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Fergus Falls voters to decide on $2.7 million facilities plan

FERGUS FALLS, Minn. - Supporters of a $2,725,000 plan to replace, repair and upgrade athletic facilities at Kennedy Secondary School here hope the third time is a charm with a May 13 bond vote.

The money would be used to replace the outdoor bleachers at the football field, repair the football and soccer field, expand the track to eight lanes, resurface tennis courts, improve the old baseball field, and re-tile the swimming pool and install new lights and electrical system in the auditorium at Kennedy.

Two previous Fergus Falls School District facilities plans - both much more ambitious - were rejected by voters, including a $5,475,000 plan in April 2013, and a $6,265,000 plan in November 2012.

The latest proposal is leaner - 56 percent cheaper than the 2012 vision. Backers hope its mix of functionality and frugality has gained traction with district patrons.

"We're cautiously optimistic. Hopefully, we'll get a green light this time," said Jean Bowman, executive director of the city's Convention and Visitors Bureau.

Jerry Ness, the superintendent of schools, has spoken to 25 organizations in the past couple of months to educate the public on the latest plan.

"You name it, we've tried to attend it," Ness said.

Adding urgency to this vote, he said, is the fact that the school's bleachers have been condemned as unsafe and must be replaced.

"We're stuck in a spot here," said Lisa Workman, executive director of the Fergus Falls Area Chamber of Commerce. "If the bond doesn't pass, the bleachers in our football stadium need to be replaced. They'll either fund it through the bond or (the school board must) take it out of their general operating" fund, she said.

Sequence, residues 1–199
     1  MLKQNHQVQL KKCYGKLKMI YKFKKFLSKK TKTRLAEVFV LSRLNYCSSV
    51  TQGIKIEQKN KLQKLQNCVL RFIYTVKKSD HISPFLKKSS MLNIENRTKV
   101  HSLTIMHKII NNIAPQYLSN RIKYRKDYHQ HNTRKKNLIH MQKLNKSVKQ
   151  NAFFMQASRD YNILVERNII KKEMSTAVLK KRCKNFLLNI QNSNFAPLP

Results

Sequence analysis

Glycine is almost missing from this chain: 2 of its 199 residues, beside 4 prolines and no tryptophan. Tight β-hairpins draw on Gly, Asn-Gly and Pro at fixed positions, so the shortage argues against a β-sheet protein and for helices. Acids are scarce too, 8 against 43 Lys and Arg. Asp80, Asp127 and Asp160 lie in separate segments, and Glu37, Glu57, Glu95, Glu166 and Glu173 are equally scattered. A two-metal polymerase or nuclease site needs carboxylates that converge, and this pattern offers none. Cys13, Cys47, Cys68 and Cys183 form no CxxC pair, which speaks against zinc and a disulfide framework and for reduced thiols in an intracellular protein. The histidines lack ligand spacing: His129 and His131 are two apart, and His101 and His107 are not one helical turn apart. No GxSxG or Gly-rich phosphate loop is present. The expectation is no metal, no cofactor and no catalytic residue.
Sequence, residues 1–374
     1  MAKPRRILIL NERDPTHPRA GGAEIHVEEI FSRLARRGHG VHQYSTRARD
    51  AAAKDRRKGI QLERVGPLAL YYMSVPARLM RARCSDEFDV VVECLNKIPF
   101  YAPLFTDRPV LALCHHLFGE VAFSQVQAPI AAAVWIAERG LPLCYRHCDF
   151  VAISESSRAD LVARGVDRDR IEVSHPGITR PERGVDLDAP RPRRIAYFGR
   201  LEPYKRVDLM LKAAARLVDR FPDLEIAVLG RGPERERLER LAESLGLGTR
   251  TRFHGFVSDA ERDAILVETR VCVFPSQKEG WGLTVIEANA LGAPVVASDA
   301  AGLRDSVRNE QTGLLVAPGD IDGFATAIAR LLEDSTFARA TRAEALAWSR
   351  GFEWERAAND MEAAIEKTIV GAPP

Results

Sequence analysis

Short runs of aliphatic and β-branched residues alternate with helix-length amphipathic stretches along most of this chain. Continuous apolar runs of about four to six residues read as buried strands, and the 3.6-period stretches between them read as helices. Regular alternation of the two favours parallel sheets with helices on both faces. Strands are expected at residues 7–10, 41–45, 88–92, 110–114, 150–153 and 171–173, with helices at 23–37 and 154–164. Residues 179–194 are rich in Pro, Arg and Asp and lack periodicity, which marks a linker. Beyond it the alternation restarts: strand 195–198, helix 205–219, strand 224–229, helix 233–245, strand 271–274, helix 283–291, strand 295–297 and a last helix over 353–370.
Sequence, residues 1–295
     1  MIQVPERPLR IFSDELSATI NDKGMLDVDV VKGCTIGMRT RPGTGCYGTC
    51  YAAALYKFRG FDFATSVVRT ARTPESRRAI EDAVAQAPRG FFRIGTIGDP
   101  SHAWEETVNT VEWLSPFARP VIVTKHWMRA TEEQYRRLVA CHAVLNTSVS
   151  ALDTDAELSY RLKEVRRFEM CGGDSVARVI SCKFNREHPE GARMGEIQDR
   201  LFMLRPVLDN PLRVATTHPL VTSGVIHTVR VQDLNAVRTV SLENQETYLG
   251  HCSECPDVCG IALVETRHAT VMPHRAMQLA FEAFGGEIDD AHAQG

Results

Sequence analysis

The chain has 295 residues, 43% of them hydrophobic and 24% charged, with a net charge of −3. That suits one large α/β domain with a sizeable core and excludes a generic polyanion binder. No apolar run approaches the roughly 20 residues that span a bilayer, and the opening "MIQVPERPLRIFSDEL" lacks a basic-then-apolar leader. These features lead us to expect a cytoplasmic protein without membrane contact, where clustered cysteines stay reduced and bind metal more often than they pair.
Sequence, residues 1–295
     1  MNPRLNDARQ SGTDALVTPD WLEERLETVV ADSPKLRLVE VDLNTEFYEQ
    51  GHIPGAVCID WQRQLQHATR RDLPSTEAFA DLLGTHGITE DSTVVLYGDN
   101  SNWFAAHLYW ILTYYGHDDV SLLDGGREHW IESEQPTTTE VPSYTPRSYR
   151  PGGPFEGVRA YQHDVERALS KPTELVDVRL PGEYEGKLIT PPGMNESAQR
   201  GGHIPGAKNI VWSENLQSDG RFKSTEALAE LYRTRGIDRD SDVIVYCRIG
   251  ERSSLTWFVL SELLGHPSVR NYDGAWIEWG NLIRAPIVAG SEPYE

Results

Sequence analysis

That will take money away from teachers and programs, she said.

Upgrading the facilities will make it possible to host sectional and regional track meets, bringing in many teams and filling hotels and restaurants and boosting the local economy, Workman and Bowman said.

The chamber and the CVB have endorsed the bonding proposal.

Workman said 82 percent of chamber members who answered a poll on the plan say they back it.

Ness said the payoff of a 1994 school bond issue brought a big drop in taxes. The school board in December adopted a levy that lowered property taxes 13.1 percent for 2014. Taxes on a $100,000 residential home dropped $60.35 per year and on a $125,000 home, $75.69.

The latest plan, if approved, would raise taxes 1.23 percent, Ness said. That would cost the owner of a $100,000 home another $8.82 per year, and $12.17 on a $125,000 home per year.

A $500,000 commercial or industrial property would see taxes rise $113.74 per year, while four-plex and larger apartment complexes would pay $76.85 more per year on a $500,000 property.

Non-homesteaded agricultural land valued at $5,000 per acre would see taxes go up $196.74 per year on 320 acres.

Ag land at the same value with a $100,000 homestead would see taxes go up $113.40 per year on 320 acres, the school district reports.

People can now vote by absentee ballot, Bowman said. Those ballots are available at the County Government Service Center, 500 Fir Ave. W.

Readers can reach Forum reporter Helmut Schmidt at (701) 241-5583

Bond vote

This is what a $2,725,000 bond referendum on May 13 would be used to build at Fergus Falls' Kennedy Secondary School if it is approved:

• Engineering and bond costs $426,247

• Contingency funds $134,216

• General conditions $52,938

• Football field and scoreboard $203,350

• Landscaping, paving, signs, etc. $48,200

• Bleacher demolition A $82,743

• New visitor bleachers $40,000

• Eight-lane track, and field areas $470,665

• Baseball field improvements $238,591

• Auditorium improvements $200,000

• Pool improvements $150,000

• Bleacher demolition B $52,960

• New bleachers $578,090

• Tennis court resurfacing $47,000

Total cost $2,725,000

Helmut Schmidt

Helmut Schmidt was born in Germany, but grew up in the Twin Cities area, graduating from Park High School of Cottage Grove. After serving a tour in the U.S. Army, he attended the University of St. Thomas in St Paul, Minn., graduating in 1984 with a degree in journalism. He then worked at the Albert Lea (Minn.) Tribune and served as managing editor there for three years. He joined The Forum in October 1989, working as a copy editor until 2000. Since then, he has worked as a reporter on several beats, including K-12 education, Fargo city government, criminal justice, and military affairs. He is currently one of The Forum's business reporters.

(701) 241-5583